and more noise generation. Because of this, you will not always see the
expected improvement in SSO noise with the application of on-package I/O
power decoupling. I'm not advocating neglecting this important design
detail, but rather explaining a subtle 2nd order impact.

Regards,
Brad Henson
Raytheon


=20

                      "Ken Cantrell"

                      <Ken.Cantrell@src         To:
<scott@xxxxxxxxxxxxx>, <bill.panos@xxxxxxxxxxxxxxx>  =20
                      comp.com>                 cc:      "Chris Cheng"
<chris.cheng@xxxxxxxxxxxx>,            =20
                      Sent by:                  <si-list@xxxxxxxxxxxxx>

                      si-list-bounce@fr         Subject: [SI-LIST] Re:
Reducing SSO noise in an FPGA          =20
                      eelists.org

=20

=20

                      07/14/2003 08:13

                      AM

                      Please respond to

                      Ken.Cantrell

=20

=20





Scott,
My lab measurements(anything else is speculation)are in agreement with
your
statements.  It is a package problem, and all the BC in the world won't
change it.  I have varied the noise levels going into the chip from 2%
to
>10% with no significant measured change in SSO, with Zo vs Frequency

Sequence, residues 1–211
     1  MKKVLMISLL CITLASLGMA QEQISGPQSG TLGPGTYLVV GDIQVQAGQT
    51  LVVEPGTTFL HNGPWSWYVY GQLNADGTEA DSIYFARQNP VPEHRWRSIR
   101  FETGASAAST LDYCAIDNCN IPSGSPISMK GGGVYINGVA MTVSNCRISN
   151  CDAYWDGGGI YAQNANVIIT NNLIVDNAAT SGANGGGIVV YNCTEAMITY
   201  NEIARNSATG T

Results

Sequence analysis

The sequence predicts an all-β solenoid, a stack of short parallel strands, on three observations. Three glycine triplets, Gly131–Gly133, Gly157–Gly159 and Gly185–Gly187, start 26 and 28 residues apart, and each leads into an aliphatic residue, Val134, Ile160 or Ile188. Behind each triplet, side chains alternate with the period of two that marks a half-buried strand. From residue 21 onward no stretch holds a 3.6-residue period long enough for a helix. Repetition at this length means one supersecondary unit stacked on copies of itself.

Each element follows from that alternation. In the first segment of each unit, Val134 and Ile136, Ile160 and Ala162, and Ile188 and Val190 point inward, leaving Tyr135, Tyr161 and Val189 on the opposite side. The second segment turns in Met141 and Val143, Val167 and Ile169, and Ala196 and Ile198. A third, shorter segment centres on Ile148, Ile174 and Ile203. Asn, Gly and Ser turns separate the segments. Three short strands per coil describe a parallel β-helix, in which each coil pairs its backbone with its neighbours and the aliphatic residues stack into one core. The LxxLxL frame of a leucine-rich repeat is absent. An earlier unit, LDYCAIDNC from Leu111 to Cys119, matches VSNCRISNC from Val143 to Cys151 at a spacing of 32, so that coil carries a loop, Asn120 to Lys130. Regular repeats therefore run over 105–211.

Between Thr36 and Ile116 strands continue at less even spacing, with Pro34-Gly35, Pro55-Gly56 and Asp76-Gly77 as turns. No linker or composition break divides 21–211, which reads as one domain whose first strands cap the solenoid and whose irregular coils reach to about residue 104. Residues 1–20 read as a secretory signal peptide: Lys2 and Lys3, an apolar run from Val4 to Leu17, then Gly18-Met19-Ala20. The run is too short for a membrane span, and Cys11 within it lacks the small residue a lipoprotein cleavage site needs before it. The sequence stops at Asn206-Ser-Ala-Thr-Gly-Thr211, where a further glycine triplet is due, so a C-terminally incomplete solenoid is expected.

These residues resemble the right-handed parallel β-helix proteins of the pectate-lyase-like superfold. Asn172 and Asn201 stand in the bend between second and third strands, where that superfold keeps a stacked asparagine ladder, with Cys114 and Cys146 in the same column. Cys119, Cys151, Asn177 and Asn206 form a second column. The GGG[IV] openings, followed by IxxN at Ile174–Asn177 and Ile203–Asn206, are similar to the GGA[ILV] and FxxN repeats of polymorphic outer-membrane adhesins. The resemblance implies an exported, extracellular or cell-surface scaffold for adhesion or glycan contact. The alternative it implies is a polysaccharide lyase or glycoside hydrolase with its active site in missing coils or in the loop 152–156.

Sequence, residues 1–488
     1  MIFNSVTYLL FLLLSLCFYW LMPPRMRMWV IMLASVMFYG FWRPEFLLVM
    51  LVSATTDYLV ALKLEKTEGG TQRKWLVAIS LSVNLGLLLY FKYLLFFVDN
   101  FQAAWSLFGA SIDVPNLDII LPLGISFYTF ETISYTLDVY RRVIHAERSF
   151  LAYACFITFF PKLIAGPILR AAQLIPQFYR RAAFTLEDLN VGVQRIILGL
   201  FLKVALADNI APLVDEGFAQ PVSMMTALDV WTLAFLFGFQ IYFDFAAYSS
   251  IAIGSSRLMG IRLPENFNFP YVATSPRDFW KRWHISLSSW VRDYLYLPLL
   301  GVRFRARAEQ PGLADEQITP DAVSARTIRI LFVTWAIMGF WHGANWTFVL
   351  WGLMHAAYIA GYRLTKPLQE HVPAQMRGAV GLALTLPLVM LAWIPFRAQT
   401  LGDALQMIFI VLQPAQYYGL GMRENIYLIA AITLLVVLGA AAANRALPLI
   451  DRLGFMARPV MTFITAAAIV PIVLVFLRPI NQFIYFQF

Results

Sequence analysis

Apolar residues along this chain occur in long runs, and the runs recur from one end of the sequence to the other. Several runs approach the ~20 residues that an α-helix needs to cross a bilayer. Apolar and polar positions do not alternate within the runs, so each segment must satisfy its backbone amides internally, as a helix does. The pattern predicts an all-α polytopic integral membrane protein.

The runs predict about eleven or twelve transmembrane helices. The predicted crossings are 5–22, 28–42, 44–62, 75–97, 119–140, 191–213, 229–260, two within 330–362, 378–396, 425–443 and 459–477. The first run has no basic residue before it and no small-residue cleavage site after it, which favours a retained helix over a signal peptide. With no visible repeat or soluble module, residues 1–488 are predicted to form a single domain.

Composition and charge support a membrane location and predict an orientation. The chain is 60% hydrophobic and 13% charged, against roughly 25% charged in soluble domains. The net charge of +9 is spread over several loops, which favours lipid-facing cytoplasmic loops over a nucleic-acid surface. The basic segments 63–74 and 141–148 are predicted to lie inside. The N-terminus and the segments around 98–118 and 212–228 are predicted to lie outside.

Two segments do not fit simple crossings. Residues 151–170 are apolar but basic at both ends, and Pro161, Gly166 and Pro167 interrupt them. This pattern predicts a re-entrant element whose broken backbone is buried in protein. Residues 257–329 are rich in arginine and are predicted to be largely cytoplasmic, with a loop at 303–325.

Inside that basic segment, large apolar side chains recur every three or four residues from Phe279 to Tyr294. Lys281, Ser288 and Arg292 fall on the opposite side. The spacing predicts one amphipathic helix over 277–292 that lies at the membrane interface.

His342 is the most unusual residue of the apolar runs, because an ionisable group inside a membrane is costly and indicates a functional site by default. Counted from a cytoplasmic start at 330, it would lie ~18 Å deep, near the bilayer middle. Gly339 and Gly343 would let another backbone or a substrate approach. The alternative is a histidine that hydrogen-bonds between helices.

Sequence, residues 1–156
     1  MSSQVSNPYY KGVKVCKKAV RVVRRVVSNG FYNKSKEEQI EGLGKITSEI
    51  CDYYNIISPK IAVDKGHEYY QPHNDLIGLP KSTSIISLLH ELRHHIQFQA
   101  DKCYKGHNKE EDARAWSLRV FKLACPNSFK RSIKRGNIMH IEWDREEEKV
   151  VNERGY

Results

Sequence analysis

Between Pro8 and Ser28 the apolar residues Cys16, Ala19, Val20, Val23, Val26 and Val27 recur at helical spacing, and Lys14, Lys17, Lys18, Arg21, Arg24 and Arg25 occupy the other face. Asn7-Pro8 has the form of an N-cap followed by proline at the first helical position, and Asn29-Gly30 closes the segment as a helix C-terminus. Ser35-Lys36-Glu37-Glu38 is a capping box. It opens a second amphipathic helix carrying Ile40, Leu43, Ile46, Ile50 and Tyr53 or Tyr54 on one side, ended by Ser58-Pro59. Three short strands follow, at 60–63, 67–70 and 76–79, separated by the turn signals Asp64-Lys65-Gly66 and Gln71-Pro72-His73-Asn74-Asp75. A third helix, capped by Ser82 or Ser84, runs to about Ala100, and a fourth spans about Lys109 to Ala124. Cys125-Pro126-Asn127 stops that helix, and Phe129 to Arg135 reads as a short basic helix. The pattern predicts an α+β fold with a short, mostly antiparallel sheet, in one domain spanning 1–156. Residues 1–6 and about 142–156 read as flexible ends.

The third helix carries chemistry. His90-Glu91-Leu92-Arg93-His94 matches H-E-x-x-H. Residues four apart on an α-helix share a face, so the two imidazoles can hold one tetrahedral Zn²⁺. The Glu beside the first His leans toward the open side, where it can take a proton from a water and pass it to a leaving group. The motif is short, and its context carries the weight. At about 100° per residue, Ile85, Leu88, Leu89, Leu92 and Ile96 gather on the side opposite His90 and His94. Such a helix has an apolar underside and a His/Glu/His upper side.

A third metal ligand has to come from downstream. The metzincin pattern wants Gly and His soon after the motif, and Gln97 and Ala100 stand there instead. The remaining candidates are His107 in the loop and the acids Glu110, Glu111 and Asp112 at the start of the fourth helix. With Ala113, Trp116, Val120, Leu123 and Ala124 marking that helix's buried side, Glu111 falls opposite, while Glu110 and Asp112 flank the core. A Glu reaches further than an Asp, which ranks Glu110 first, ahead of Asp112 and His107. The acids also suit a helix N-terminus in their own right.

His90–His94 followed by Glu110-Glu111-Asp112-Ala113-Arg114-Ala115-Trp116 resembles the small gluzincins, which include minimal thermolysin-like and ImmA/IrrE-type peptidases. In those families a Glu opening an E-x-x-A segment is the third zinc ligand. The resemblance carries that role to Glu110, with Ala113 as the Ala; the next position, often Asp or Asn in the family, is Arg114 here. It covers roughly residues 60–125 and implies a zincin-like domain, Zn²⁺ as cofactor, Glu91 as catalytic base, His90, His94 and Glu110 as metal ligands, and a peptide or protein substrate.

running 2x to 3x the calculated target value.
I am increasing the BC via diameters and break out trace widths from
ball
to
via as general improvements, but don't expect that it will make any
difference.  Layering and loop size are already optimized.  There's a
joke
for you, minimizing loop size in dense, thick boards.  Do you have data
on
any board geometry changes that produce a positive effect?
Ken

-----Original Message-----
From: si-list-bounce@xxxxxxxxxxxxx
[mailto:si-list-bounce@xxxxxxxxxxxxx]On Behalf Of Scott McMorrow
Sent: Friday, July 11, 2003 4:45 PM
To: bill.panos@xxxxxxxxxxxxxxx
Cc: Chris Cheng; si-list@xxxxxxxxxxxxx
Subject: [SI-LIST] Re: Reducing SSO noise in an FPGA


Bill,
I respectfully disagree with you and agree with Chris.  The SSO problem
wrt. to a device driver is a chip and package problem.  The round trip
time from the driver, through the package and out to a BC layer is
longer than the risetime for almost all packages and devices where this
is a problem.  SSO is generally a loop inductance issue.  No amount of
capacitance at the end of a large loop inductance in a power delivery
system can effect the problem. For the capacitance to be effect, it has